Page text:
John E. Qualey

 

Biography of John E. Qualey

Judith Qualey

The pioneer's parents were Mr. and Mrs. Edland Qualey. The pioneer himself is John Qualey. He was born in Sogn, Norway, in 1835. He came to the United States with his parents when he was six years old. John Qualey lived in Dodge County, Minnesota, before coming here. He left Minnesota because of the cinch bug, grasshoppers and other insects that ate the crops.

Mr. Qualey had been to South Dakota, but didn't find the kind of place he wanted. He started from his home in Minnesota without knowing where he would land but said he would go west until he came to a river with trees by it and where the soil was rich. When he came to the Sheyenne River he decided this was the place he had been looking for. Mr. Qualey and family, wife, and five children, drove in a covered wagon. They camped along the road. They crossed the Mississippi River at Fort Snelling in a ferry boat. One day when they had stopped for dinner the sheep had gone a little way out into the woods. They had started out again end had gotten quite a ways from where they had stopped before they noticed that they had forgotten the sheep. Then some of the men had to go back and get them. They drove both the sheep and the cattle. The chickens were put in some crates and fastened on behind the wagon. One day, somehow, the crates had been broken and all the chickens got out. The men looked for them that evening and found nearly all of them. I think there was one that they didn't find.

Qualey and his family, and some men that had come with themÔÇ× came here July 1, 1880. They had been on the road for about six weeks. Mr. Qualey took up land like most pioneers of that time which was by homesteading. First they came here and stayed and waited for the land to be surveyed. This was called squatting. He also had a tree claim. He had intended to make his home farther north about where Aneta is now but happened to come south by Omund Opheim where he stayed on night. Mr. Opheim promised he would help Mr. Qualey look for land which was just as good and not so far away and so it happened that they found the place which is half a mile north of Nels Qualey's place. This place is five miles east and five and a half miles north of Cooperstown. He built a log house which was considered a very large house at that time. It had two rooms downstairs and an upstairs which was almost like an attic.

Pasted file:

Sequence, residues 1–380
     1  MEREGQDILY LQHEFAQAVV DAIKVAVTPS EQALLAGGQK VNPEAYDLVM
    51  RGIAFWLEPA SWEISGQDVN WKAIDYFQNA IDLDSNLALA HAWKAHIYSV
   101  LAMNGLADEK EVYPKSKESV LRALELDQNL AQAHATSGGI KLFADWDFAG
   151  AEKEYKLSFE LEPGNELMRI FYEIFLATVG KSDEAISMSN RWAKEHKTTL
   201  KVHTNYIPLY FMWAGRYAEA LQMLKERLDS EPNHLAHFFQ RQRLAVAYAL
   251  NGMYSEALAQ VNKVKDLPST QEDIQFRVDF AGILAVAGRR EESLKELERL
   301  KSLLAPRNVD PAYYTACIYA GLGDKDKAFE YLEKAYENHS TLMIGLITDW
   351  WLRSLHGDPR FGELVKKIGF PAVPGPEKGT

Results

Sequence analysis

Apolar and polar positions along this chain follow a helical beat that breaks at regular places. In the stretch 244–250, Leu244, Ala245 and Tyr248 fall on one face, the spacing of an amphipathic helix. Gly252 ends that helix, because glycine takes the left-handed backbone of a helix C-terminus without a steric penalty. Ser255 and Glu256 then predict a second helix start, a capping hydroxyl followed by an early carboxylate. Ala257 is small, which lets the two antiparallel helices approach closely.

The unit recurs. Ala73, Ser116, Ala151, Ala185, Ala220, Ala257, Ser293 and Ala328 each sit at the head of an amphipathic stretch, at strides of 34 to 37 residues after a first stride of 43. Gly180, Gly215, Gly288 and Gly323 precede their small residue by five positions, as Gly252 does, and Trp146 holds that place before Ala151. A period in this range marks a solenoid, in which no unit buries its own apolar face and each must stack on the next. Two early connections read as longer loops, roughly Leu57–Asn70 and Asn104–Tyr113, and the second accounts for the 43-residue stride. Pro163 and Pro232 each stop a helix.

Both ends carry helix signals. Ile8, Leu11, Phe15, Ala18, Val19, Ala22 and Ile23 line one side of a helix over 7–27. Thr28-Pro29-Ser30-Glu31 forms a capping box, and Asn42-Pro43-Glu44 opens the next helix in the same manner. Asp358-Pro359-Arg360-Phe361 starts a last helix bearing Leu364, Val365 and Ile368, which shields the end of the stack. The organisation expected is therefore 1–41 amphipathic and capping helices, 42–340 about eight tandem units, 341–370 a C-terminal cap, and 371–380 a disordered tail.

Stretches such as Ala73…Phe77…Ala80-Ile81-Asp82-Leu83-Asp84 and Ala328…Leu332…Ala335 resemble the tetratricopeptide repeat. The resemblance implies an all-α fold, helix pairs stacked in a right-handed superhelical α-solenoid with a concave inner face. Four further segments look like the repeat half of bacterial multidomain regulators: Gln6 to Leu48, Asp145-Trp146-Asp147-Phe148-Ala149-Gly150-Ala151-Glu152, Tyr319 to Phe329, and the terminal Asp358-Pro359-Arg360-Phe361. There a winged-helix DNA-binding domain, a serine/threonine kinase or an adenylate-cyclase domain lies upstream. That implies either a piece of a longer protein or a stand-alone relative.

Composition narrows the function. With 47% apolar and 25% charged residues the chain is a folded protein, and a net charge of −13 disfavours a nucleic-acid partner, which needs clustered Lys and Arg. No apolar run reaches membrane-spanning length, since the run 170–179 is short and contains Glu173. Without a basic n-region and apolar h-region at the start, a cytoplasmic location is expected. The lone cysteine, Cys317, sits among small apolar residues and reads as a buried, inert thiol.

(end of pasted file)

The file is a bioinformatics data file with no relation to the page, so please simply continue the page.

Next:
Usually they went to town twice a year. The nearest town was Valley City which was forty miles Away. These trips were made spring and fall. It took two or three days to make these trips.

Qualey's nearest neighbors were Omund Opheim, John Hanson Engen, Even Monson, Ivor Seim, John Hogenson, and Bjonstad.

John Qualey had oxen as most of the earlier pioneers had. The only kind of machinery that they had was a walking plow, a homemade smoothing drag, and a cradle. Mr. Qualey sowed his grain by hand. Sometimes he would sow for others. To thresh the grain he laid it in a circle and drove the oxen over it so as to get the grain out of the heads. Then he shook the grain to be sure that the grain was all out of the straw. He put the grain in a wagon and on a windy day he would pour it from one measure to another to blow the chaff out of it.

The grains raised were small grains, such as barley, oats, and wheat. The barley usually yielded about thirty bushels to the acre while the wheat yielded about twenty-five.

Wood was usually used for fuel. Sometimes straw was used.

One year the Sheyenne River flooded terribly. There was water in the Qualey house so the people had to move out for nearly two weeks. They stayed with their neighbors during that time. They hauled the cattle, hogs, and other animals up on dry land nearly up to the hills.

John Qualey married Martha Gilderhus at Dodge County in July, 1864. The descendants are Mrs. Albert Larson, Mrs. A. I. Monson, Mr. Nels Qualey, all of Cooperstown, North Dakota, Mrs. Clara Windness of Finley, North Dakota, Mrs. J. M. Jenson of Bozeman, Montana, Slyer Qualey of Silverton, Oregon, and Edwin Qualey of Saskatchewan, Canada.